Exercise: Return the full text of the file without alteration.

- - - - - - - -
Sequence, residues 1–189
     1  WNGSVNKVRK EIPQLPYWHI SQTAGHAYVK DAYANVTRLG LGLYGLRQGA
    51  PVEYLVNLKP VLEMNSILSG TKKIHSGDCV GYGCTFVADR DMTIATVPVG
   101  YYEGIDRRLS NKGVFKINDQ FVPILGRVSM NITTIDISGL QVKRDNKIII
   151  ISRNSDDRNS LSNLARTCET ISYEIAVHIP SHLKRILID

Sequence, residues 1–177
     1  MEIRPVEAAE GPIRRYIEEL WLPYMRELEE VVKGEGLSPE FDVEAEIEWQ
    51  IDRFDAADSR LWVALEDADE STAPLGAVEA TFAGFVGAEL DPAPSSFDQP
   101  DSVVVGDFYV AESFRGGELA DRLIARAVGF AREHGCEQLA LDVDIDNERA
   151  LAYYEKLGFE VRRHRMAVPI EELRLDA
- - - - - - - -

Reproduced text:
Sequence, residues 1–189
     1  WNGSVNKVRK EIPQLPYWHI SQTAGHAYVK DAYANVTRLG LGLYGLRQGA
    51  PVEYLVNLKP VLEMNSILSG TKKIHSGDCV GYGCTFVADR DMTIATVPVG
   101  YYEGIDRRLS NKGVFKINDQ FVPILGRVSM NITTIDISGL QVKRDNKIII
   151  ISRNSDDRNS LSNLARTCET ISYEIAVHIP SHLKRILID

Sequence, residues 1–177
     1  MEIRPVEAAE GPIRRYIEEL WLPYMRELEE VVKGEGLSPE FDVEAEIEWQ
    51  IDRFDAADSR LWVALEDADE STAPLGAVEA TFAGFVGAEL DPAPSSFDQP
   101  DSVVVGDFYV AESFRGGELA DRLIARAVGF AREHGCEQLA LDVDIDNERA
   151  LAYYEKLGFE VRRHRMAVPI EELRLDA